"Bob Abel took a look at the rest of the models we'd been working on–the Klingons, V'ger and the space office complex– and at the Enterprise, which Don Loos had been working on. It was decided to shelve all of the models, because they were definitively built for television, and to bring the Enterprise into our shop. This was because Don Loos unfortunately wasn't equipped, as we were, to build a model for motion-control shooting, which requires many things designed into the model in the way of stability and inter-changeability and interfacing to the computer-controlled rig. He was still doing things in fiberglass and wood and other materials that we don't use because they're much too heavy. Our basic armatures have to be designed in a very solid way in aluminum, and our body skins are designed to cope with a variety of things, thermal changes and so on, so that they don't flex or expand. Also, Bob Abel wanted to work with models that were scaled for one inch equaling 10 feet, and Don's Enterprise was a little under that. And he wasn't constructing models the way they necessarily have to be constructed for the motion-control camera. Models today are a great deal more exotic than they used to be.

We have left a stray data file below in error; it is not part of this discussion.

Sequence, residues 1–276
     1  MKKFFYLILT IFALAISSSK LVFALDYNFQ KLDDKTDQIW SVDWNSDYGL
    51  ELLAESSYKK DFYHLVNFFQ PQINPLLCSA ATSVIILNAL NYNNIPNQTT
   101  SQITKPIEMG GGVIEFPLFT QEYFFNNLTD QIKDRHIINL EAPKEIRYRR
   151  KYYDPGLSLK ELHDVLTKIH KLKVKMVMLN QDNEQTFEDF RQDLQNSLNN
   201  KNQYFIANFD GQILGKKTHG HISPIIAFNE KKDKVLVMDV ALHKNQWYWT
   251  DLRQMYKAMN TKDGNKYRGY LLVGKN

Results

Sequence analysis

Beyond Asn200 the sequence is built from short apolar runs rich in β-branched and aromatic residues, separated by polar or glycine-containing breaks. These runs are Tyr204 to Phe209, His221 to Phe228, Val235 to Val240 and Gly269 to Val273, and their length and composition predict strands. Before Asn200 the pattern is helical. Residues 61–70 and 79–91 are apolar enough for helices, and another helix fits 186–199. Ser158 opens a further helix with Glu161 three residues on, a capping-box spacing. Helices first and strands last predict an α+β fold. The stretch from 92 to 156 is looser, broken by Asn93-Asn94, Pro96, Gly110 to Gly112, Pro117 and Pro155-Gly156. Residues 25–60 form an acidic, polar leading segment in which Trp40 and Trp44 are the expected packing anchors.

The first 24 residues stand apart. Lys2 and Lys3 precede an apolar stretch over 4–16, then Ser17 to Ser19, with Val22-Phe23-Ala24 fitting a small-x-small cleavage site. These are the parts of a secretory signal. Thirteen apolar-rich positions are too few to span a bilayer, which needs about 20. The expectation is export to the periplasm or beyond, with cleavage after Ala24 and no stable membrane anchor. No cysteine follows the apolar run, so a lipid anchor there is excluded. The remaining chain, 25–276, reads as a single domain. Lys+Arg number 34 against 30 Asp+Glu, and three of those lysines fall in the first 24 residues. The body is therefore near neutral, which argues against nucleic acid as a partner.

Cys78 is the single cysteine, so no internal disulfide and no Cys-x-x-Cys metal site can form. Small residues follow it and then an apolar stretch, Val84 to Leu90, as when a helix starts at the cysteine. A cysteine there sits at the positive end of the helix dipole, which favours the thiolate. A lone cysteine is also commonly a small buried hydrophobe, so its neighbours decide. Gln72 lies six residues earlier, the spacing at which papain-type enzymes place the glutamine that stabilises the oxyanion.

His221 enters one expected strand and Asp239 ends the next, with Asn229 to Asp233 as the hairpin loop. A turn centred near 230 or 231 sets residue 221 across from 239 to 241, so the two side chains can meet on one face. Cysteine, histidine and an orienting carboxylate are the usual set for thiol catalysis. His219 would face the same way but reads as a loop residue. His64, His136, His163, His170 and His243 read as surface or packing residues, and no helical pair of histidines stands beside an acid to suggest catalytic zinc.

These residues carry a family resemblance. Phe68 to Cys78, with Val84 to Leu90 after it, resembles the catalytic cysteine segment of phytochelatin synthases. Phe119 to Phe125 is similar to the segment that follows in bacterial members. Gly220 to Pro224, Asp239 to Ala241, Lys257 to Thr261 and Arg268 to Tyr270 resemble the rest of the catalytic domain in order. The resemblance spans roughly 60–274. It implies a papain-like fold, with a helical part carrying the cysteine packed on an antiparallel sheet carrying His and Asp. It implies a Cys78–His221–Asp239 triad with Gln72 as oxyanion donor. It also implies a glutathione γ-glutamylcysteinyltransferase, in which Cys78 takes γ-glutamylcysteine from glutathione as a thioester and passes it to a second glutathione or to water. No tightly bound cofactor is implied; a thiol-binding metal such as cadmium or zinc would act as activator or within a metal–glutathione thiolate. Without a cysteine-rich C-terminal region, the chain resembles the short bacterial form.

"For instance, the Enterprise, being a cantilevered object very spindly in nature, must not flex between camera passes. The propulsion pods are suspended on struts away from the main body, and the primary consideration is: from how many points do you armature the model for shooting? And once we'd decided on five for the Enterprise, how do you power the lighting systems from each of those five armaturing positions? How do you keep the model from flexing, or dropping the nose of the saucer, when you turn it on its side? Which lighting systems do you select, based on the kinds of exposures with which you're going to be able to afford to photograph the model? And how many times do you have to expose the model in repeat passes of motion-control photography in order to build up the single image of the model? And so on and so forth. There really are a great deal of things that mist be considered in the basic model design that are never even thought of by people who aren't familiar with motion-control shooting. Well, we were familiar with it, and Bob Abel was planning to build a motion-control camera, so we began the design/construction phase of the models for the Robert Abel version." (Return to Tomorrow - The Filming of Star Trek: The Motion Picture, pp. 62-63)